Additive Manufacturing and Design (ADaM)
As an independent series provider, we can realize parts with complex shapes and bionic structures. We develop, simulate, produce, and validate parts according to the highest automotive quality standards
In the Competence Center for Additive Design and Manufacturing (ADaM), we offer development and optimization of any structure from the concept phase to the finished product – both for samples and series applications.
Each additively manufactured part goes through three process steps:
Our Additive Engineering team conducts an in-depth analysis of customers’ requirements and desired materials to create a bionic design and optimize product structures.
The analysis results are passed along to the Additive Production center, where custom-fit reworking takes place based on individual requirements. At this stage, the surface finish is optimized using our comprehensive portfolio of technologies.
As the additive manufacturing process approaches its final steps, the finished products are put through a set of strict criteria in our Quality Management Center to ensure the highest quality standards are met.
If required, we can also perform a complete validation of the printed parts. Our activities go from CT-scan, vibration, humidity tests up to vibration or lifetime-tests, and everything in between.
Selective Laser Melting: SLM is a laser-based layering process in which metal powder is completely melted and then solidified. Following the 3D printing process, the part is removed from the building platform with an eroding machine. Then, the removal of the support structures and the sandblasting of the component takes place. In the final step, all functional surfaces and fitting dimensions are conventionally reworked.
Selective Laser Sintering: The basic material for SLS is a powdery polymer. Depending on the application and customer requirements, we use PA12, PA6, or PA11. The powdery material is heated and melted by local sintering with a laser beam. Due to the compacted powder, the components can be manufactured without support structures. In addition, complicated geometries can also be brought about, which is nearly impossible to realize using conventional methods.
Stereolithography: The SLA processed synthetic resins are solidified layer-by-layer with the aid of a laser. The basic material for stereolithography is a liquid photopolymer, which can be activated by UV exposure. The manufactured component is removed and dripped off before it is washed off using a solvent. Afterward, the support structures which are required for production are removed. Finally, the surface is reworked, and the component is cured under UV light. It is self-evident that our SLA technology is suitable for complex geometries.
Fused Deposition Modeling: This process allows production with several materials such as ABS, PC, ABSESD, FDM-Nylon, and ULTEM – a plastic with excellent mechanical and electrical properties. Through the heating and application of thermoplastic filament, there can be an immediate solidification of the applied material. The finished components can be used without reworking. Only the process-related supporting structures must be removed.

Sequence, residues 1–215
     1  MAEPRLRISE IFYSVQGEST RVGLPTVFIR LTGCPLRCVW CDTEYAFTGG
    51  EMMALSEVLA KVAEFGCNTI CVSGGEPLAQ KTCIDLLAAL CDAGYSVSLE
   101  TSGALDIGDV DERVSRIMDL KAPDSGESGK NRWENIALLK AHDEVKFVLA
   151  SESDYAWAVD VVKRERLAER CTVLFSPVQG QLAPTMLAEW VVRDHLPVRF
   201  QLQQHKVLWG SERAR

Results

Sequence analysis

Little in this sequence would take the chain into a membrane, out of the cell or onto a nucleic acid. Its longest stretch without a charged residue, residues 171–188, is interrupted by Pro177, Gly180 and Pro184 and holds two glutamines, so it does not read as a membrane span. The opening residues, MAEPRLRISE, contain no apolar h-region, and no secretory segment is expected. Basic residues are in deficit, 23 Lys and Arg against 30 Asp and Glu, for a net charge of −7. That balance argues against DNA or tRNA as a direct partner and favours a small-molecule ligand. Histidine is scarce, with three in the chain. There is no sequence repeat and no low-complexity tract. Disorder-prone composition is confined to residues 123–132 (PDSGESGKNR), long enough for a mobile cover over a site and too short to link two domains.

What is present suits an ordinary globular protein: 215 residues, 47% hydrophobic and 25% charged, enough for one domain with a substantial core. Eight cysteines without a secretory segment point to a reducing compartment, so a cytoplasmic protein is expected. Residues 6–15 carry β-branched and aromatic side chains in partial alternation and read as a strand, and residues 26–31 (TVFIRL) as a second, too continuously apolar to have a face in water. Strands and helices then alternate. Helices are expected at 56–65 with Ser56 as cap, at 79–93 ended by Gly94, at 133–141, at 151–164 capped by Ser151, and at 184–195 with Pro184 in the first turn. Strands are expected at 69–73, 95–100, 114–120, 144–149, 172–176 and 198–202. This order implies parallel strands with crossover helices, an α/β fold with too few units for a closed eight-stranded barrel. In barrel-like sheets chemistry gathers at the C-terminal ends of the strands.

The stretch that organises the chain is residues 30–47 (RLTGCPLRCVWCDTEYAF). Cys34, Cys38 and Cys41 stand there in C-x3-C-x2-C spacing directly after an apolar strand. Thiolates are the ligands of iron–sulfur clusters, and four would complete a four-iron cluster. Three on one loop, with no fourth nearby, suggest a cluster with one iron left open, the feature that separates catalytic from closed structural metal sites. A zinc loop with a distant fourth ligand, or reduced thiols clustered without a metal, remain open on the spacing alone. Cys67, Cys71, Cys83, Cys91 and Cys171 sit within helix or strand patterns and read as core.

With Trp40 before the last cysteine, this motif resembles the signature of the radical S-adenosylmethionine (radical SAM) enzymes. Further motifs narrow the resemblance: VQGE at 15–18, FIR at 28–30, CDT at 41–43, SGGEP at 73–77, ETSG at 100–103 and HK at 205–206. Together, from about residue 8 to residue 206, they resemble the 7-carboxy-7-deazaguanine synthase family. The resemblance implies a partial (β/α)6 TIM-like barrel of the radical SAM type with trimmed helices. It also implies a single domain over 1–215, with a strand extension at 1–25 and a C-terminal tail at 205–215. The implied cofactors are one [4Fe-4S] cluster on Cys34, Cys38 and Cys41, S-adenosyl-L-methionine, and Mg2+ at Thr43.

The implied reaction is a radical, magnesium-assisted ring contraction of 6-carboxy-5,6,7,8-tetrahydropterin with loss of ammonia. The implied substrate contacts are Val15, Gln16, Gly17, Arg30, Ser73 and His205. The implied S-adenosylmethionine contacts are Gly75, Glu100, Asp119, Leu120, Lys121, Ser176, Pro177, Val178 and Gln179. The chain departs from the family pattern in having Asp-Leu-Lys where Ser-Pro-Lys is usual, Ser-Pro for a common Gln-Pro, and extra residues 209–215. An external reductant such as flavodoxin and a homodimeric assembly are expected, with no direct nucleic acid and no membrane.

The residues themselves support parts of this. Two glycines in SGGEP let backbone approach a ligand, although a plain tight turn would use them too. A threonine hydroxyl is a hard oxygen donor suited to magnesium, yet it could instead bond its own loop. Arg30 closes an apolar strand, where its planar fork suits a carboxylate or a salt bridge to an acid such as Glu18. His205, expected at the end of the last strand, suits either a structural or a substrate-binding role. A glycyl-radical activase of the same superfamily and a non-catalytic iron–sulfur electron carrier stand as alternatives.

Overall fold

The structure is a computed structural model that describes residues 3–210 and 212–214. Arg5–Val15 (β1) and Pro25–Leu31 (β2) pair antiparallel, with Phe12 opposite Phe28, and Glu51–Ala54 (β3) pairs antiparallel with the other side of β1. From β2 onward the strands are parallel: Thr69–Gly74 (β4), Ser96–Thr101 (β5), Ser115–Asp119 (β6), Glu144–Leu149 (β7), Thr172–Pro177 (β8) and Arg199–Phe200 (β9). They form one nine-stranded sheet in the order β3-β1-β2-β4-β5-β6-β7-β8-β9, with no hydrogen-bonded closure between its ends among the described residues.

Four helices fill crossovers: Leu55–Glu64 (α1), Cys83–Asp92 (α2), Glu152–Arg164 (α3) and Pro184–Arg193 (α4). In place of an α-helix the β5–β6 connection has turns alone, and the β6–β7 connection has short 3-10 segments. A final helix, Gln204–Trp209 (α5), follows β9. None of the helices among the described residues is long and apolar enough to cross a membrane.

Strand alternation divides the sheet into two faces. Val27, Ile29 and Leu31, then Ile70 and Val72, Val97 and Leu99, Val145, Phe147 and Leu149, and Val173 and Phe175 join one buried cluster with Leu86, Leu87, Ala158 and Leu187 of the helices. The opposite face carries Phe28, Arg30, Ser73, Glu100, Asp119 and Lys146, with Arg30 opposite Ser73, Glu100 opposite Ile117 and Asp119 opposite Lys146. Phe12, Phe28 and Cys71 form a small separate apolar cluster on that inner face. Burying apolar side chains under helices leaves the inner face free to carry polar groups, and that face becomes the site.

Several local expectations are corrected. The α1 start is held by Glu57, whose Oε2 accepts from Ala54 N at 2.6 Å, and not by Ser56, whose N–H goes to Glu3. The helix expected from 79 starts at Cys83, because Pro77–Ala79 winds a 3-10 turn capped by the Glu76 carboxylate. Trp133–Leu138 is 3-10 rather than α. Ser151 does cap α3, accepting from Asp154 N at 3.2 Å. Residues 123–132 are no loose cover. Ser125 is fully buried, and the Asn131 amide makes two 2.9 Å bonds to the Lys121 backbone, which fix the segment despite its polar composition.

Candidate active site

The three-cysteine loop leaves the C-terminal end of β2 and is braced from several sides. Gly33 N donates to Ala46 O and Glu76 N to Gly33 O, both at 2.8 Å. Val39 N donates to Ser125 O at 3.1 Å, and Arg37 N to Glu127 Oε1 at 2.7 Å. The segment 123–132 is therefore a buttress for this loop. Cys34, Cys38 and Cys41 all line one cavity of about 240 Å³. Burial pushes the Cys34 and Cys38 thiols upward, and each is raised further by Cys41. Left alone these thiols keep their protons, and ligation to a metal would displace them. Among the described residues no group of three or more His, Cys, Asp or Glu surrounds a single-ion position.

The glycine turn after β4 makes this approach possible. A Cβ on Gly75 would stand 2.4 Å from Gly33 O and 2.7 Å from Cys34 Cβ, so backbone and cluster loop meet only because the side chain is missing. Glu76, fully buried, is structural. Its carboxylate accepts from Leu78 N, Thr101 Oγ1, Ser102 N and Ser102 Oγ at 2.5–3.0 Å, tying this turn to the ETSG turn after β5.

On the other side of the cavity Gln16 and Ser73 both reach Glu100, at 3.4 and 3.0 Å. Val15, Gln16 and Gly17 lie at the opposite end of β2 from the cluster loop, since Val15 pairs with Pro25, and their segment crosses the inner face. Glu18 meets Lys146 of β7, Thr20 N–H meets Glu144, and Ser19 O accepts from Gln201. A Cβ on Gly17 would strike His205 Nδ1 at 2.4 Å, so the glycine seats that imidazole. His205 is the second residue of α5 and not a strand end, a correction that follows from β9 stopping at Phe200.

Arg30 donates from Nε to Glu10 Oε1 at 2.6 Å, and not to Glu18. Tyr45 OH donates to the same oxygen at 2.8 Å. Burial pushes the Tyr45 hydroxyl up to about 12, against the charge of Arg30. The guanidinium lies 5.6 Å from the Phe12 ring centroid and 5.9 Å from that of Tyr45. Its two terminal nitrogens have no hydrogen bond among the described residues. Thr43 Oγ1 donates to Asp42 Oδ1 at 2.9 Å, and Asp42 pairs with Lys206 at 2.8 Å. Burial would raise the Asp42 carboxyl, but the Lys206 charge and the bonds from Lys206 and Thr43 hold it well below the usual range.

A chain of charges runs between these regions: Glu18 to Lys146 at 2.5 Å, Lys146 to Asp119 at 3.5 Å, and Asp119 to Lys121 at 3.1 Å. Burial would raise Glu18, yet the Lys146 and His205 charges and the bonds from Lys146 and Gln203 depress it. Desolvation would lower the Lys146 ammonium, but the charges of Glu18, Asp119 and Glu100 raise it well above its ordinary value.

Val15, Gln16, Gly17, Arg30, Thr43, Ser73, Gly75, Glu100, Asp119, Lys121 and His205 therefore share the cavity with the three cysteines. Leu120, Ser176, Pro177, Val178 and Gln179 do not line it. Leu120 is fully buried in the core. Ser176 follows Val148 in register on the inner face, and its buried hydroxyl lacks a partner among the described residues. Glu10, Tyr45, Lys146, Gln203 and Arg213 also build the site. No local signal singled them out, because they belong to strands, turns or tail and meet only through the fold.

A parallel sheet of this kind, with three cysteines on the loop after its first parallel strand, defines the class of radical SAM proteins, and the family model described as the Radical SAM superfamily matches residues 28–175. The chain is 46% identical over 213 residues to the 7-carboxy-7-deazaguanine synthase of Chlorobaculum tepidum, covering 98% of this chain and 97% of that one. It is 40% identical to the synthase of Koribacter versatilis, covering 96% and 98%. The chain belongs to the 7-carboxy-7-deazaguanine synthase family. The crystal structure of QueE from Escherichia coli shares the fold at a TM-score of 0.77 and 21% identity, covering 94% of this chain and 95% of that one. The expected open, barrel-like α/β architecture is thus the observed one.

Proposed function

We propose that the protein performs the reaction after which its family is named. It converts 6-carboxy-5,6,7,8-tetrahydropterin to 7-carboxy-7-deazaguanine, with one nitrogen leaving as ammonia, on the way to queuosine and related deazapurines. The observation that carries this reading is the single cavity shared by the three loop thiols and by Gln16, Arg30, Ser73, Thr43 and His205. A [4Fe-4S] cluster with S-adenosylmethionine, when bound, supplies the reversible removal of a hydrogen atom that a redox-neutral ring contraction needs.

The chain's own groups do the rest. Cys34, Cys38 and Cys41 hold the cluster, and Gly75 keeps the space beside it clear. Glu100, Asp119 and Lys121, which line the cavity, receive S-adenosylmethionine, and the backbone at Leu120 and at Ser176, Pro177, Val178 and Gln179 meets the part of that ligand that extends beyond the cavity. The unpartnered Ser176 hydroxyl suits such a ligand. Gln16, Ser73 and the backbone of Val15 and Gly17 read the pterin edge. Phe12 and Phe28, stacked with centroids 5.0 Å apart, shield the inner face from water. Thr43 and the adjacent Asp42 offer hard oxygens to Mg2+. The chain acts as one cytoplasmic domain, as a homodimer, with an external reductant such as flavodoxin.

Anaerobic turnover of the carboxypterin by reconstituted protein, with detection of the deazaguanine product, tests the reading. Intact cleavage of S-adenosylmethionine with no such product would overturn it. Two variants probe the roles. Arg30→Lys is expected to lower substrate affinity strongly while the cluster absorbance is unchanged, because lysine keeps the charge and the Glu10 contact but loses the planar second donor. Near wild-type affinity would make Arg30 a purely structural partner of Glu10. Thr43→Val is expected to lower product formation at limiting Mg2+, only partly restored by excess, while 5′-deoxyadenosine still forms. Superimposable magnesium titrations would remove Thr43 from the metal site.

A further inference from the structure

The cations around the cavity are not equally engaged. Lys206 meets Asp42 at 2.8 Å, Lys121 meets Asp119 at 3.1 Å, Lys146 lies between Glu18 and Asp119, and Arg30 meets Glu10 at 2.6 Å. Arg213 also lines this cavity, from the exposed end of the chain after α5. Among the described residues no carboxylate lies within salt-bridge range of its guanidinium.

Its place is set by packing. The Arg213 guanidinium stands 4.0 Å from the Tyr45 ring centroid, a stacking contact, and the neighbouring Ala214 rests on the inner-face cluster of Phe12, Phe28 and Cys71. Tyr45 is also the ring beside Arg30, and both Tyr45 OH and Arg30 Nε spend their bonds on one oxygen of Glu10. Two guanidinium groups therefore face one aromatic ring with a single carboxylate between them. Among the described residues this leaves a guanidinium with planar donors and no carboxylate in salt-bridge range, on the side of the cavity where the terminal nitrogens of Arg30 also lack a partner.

Digital Light Processing: DLP technology is similar to SLA. Both are variations of vat polymerization – a liquid photopolymer resin which can be cured with light. In the case of DLP, a projector serves as the light source to expose the bottom of a material reservoir. Different layers are built one after the other on a platform and are to be drawn out of the liquid afterward. DLP technology ensures both speed and accuracy in producing parts with special materials.
Vacuum Casting: The prerequisite to the production of a vacuum casting is a prototype created using the SLA process. This prototype serves as the starting model for the silicone mold. The prototype is fixed in a frame, which is filled with silicone rubber. This creates a silicone tool. The mold is closed again and filled under vacuum with liquid polyurethane. Insert parts can be integrated; thus complex multi-component parts can be produced. Up to 20 castings can be produced from a single mold.
ADaM Example Projects
Brake Caliper – Road Approved! Additive-made components, such as the brake caliper shown here, are in our additive manufacturing portfolio. The caliper passes through several manufacturing steps during production. First, a CAD model is created, which afterward is transferred into an STL input (CAD data) for the 3D printer. The caliper is additively manufactured by using the SLM process. Afterwards, the brake caliper shown was validated in our measurement laboratory and is the first additive Conti brake caliper with road approval.
Blister Trays – AdaM solutions for electronic transportation: Packaging for electronic components is particularly vulnerable during transport due to electrostatic discharge (ESD). The Karben Competence Center for Additive Manufacturing (ADaM) employs a new 3D-printing-based thermoforming process to produce blisters. In order to assure product quality and delivery speed, our central electronic plant has already adopted blister trays for products like circuit boards, order systems, and packaging.
Classic Cars – ADaM solutions for the short supply of old-timer spare parts: With our 3D printing technologies, we have the capability to produce not only common car parts but also extremely rare ones. The dilemma of enhancing product quality or retaining original designs is also perfectly mediated using our ADaM technologies. As the quality of our additive manufacturing continues to improve with generally decreasing costs, this represents an economic alternative for conventional production in small quantities. All parts that are produced using this process meet the requirements in terms of absolute fidelity to the original specifications – both from a technical and a visual perspective.
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